First, children are in dire need of the stability that marriage brings. It is hardly surprising that illegitimacy is the single most significant factor in determining whether or not a child will grow up in poverty.
Second, marriage between a man and a woman is still the ideal. True, abusive mothers and alcoholic fathers seem to suggest that the nuclear family is not perfect—but it was never purported to be. Yet both a male and a female presence are necessary. For those who suggest that men and women are only physically different, I suggest you work on doubling that braincell count. Would you really want me and myself—two people now, in hypothetical land—raising a child? You think maybe the little bloke would have trouble relating to womenfolk? Thought so. I reckon men and women are a bit different.
More importantly, things aren’t getting better. Men, traditionally not too bright when it comes to women, are realizing that the “modern girlfriend” will do that which strict morals once prevented all but a wife from doing. Throw in the astronomical divorce rates, three-quarters of which are undertaken at the behest of women, and the “family” courts, wherein a man gets robbed to pay for children he can no longer see when he wishes, and it takes a considerable fool to tie the knot, barring religious reasons of course.
As the western world continues to reject Christ and the morality he and his followers promulgated, man starts to look out for number one, and marriage is tossed aside like a used condom. Post-Christian western civilization is in for one bumpy ride.
War: Antithetical to Conservatism
It has been fascinating to watch loyal Republican pundits explain that while the party has failed to act upon its conservative principles, we must all stand with her because we are at war with terror. Yet fighting the War on Terror is inimical to the ethos of conservatism. Alexis De Tocqueville explains:
War does not always give over democratic communities to military government, but it must invariably and immeasurably increase the powers of civil government; it must almost compulsorily concentrate the direction of all men and the management of all things in the hands of the administration. If it does not lead to despotism by sudden violence, it prepares men for it more gently by their habits. All those who seek to destroy the liberties of a democratic nation ought to know that war is the surest and the shortest means to accomplish it. This is the first axiom of the science.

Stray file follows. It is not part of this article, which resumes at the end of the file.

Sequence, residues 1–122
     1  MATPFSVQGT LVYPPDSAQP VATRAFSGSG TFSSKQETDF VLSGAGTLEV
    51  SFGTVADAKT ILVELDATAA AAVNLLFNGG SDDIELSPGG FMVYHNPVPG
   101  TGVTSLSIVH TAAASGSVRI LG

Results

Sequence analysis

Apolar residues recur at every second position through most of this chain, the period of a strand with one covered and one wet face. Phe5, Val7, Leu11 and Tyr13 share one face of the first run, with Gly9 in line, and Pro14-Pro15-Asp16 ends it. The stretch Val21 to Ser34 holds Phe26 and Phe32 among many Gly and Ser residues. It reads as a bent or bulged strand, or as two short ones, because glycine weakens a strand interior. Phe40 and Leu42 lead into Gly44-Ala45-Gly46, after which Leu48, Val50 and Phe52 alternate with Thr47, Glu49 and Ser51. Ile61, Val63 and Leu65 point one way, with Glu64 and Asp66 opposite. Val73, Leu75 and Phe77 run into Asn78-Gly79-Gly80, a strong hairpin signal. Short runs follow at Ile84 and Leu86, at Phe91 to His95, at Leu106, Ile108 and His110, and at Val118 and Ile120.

Despite Bush’s insistence that America is both free and democratic, he seems to have no problem in destroying liberty through the vehicle of foreign war. For myself, I cannot decide whether he is the most corrupt man to ever disgrace the office of Washington, waging a senseless war only to increase his own personal power, or merely a useful idiot. But from the perspective of a peon in the throes of a paradoxically increasingly autocratic government and dying civilization, it makes precious little difference.
The founding principle of conservatism could be taken from Thomas Paine: “That government is best which governs least.” Conservatism ought to always oppose the expansion of government, and, as war only leads to exactly this, it must be opposed.
There are exceptions to this principle, however: conservatism does not equate with pacifism. When the mother country is being invaded, troops should be called to send the barbarians back from whence they came. Incidentally, as illegal immigrants march across the border at a rate of one every thirty seconds, President Bush clamors for citizenship for all, though he is careful to explain that he is “against amnesty.” And while he reminds us that these illegals merely seek better conditions in the United States, it is wholly unreasonable to suppose that no terrorists are to be counted among the estimated twelve million undocumented aliens within our midst.
Now the base needs little prodding to defend the border. It is not hard to guess which party the Minutemen affiliated with—affiliated as in past tense; complacency on behalf of the president has given Jim Gilchrist, founder of the border defense group, impetus to seek the Constitutional Party’s nomination in 2008. Would Bush only adhere to his oath to protect and defend this nation, Gilchrist and his followers, formerly filled with righteous indignation, would assuredly return to their home in the Republican Party.
If Bush was really and truly concerned with the War on Terror, we would not be leaving the border unsecured. The President has shown that he is bereft of principles, completely lacking in common sense; his thinking is marred with inconsistency. It is manifestly imbecilic to go in search of foreign enemies to destroy whilst allowing those who would do us harm to waltz merrily across the U.S.-Mexican border. In his haste to protect the chickens, Bush has gone to the woods to hunt the fox. But the door to the chicken coop remains wide open.
I do not support the War on Terror for a number of reasons, not the least of which is that, by ill-defining the enemy, we risk Orwell’s “perpetual war.” Yet if we are going to defeat “Terror,” a secure border is paramount. As waged presently, Bush’s War on Terror is futile, and only serves to increase the size of the government behemoth. Sincere conservatives cannot and should not support him or the party that once nominated the pusillanimous quisling.